Will Microsoft’s VDA license stall desktop virtualizaion?

One of the major hurdles for mainstream VDI deployments used to be Microsoft’s VECD (Virtual Enterprise Centralized Desktop) license requirement. Microsoft modified this requirement earlier this year to help encourage VDI adoption. However, Microsoft introduced a new license requirement for devices/machines where users want to access a virtual copy of Windows, but which don’t qualify for coverage under the Windows Client Software Assurance agreement. That includes things like thin clients, third-party contractor PCs, non-Windows-based PCs and smartphones, among other platforms. This license is called Windows Virtual Desktop Access (VDA) and is “supposed” to simplify license. However, some clients are not seeing how this new license will simplify things. A Microsoft customer states:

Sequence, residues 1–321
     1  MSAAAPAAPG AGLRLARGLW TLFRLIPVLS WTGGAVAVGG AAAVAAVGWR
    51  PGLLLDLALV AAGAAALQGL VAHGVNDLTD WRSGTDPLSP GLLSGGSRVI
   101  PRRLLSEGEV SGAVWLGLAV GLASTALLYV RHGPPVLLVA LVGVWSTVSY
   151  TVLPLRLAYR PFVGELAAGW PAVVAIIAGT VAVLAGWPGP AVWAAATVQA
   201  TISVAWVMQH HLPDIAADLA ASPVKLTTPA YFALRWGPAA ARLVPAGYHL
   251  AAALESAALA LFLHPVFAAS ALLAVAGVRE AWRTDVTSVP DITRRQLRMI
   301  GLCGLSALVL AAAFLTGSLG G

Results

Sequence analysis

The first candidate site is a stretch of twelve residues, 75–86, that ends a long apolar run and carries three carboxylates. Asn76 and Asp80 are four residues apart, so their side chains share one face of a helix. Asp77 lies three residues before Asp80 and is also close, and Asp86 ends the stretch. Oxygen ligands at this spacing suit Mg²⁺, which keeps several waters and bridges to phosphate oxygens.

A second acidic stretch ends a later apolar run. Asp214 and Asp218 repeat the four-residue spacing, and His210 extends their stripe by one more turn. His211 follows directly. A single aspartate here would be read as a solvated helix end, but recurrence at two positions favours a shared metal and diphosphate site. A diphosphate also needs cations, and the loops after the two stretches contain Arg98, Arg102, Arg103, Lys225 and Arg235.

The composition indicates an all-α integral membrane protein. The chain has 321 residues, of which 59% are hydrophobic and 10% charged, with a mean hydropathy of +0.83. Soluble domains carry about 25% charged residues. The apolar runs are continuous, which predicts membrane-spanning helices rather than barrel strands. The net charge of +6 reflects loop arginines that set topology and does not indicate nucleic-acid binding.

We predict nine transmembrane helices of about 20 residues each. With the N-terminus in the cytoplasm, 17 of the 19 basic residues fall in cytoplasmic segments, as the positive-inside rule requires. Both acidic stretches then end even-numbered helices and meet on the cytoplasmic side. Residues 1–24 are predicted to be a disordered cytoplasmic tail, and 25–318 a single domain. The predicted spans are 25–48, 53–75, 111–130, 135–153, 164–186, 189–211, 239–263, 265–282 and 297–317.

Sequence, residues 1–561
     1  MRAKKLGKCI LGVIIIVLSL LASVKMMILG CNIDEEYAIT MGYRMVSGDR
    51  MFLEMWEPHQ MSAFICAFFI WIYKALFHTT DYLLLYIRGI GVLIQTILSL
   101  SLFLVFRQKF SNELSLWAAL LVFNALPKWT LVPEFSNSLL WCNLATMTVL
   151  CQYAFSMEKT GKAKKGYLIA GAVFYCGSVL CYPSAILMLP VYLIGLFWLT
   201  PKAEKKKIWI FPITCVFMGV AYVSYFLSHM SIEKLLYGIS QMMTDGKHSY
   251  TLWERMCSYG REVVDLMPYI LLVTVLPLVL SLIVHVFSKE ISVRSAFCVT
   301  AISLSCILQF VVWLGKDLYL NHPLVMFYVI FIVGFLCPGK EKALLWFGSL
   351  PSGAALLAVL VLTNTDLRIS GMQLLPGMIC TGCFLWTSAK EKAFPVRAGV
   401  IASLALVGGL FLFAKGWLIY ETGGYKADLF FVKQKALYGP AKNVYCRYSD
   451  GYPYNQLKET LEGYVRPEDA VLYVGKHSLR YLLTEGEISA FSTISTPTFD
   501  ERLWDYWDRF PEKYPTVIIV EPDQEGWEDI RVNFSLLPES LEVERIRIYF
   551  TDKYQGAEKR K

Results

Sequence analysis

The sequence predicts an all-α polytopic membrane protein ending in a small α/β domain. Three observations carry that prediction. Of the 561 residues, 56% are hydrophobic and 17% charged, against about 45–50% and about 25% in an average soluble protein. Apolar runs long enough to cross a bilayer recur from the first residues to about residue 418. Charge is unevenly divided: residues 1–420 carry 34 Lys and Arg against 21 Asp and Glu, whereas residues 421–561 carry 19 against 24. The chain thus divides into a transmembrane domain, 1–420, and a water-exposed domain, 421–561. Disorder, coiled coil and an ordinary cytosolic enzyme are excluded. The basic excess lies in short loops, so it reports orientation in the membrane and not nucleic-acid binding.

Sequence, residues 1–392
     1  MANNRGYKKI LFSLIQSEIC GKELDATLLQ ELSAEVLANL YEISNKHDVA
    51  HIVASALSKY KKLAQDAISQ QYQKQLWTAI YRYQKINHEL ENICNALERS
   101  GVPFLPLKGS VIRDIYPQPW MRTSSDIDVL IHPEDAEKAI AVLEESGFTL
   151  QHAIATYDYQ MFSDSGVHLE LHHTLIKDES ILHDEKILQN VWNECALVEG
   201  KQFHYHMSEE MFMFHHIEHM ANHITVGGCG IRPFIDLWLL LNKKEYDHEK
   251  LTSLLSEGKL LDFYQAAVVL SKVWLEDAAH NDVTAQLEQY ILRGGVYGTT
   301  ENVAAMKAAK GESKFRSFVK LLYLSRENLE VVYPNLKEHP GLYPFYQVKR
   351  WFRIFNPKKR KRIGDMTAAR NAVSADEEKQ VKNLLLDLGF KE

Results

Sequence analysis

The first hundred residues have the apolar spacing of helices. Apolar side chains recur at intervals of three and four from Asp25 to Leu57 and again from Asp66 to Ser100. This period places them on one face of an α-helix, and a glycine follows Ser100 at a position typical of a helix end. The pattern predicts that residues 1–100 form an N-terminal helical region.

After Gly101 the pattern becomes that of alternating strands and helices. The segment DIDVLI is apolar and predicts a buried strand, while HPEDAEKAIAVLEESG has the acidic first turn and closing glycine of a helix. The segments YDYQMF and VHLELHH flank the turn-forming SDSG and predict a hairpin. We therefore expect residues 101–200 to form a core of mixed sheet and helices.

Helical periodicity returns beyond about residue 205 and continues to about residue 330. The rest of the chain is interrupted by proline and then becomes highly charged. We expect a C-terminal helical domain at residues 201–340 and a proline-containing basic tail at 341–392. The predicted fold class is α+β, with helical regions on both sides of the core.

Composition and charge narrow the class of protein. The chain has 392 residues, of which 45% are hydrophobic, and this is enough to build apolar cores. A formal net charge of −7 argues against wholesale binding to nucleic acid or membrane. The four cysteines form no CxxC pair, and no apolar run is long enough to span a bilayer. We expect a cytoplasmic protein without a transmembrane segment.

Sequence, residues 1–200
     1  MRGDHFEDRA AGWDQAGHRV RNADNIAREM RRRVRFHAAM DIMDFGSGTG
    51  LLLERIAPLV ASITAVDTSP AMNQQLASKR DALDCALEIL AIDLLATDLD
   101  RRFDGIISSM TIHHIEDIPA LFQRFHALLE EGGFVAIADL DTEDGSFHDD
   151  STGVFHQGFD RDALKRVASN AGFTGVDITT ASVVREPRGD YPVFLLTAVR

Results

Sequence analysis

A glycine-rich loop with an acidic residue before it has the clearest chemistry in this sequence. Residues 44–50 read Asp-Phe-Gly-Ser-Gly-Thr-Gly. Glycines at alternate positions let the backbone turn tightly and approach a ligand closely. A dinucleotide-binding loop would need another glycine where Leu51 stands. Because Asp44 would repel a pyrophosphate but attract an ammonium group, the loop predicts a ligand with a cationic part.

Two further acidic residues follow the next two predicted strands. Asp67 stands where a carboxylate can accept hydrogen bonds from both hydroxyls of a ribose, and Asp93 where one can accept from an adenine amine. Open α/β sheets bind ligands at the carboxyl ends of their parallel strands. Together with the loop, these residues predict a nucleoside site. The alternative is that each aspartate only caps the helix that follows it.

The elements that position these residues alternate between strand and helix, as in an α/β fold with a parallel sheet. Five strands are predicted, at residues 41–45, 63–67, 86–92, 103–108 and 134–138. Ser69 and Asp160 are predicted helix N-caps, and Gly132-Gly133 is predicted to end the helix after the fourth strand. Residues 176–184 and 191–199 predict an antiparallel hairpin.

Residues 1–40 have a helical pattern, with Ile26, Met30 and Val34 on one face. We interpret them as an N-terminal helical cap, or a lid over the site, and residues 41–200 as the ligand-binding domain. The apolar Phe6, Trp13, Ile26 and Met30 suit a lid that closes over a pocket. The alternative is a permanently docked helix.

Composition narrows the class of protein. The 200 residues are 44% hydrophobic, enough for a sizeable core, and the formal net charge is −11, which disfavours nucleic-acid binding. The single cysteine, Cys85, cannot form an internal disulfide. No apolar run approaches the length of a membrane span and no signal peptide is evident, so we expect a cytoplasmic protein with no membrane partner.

“Since one of the main goals of any VDI rollout is reduction in soft costs, I fail to see how requiring a full Windows client (that must be patched, locked down and otherwise managed) helps achieve that goal,” he continued. “Over three years the cost for Windows Client SA is roughly $100 + $40 + $40 + $40 = $220. Over five years it’s $300. VDA price is $300 for 3 years, $500 for five.”

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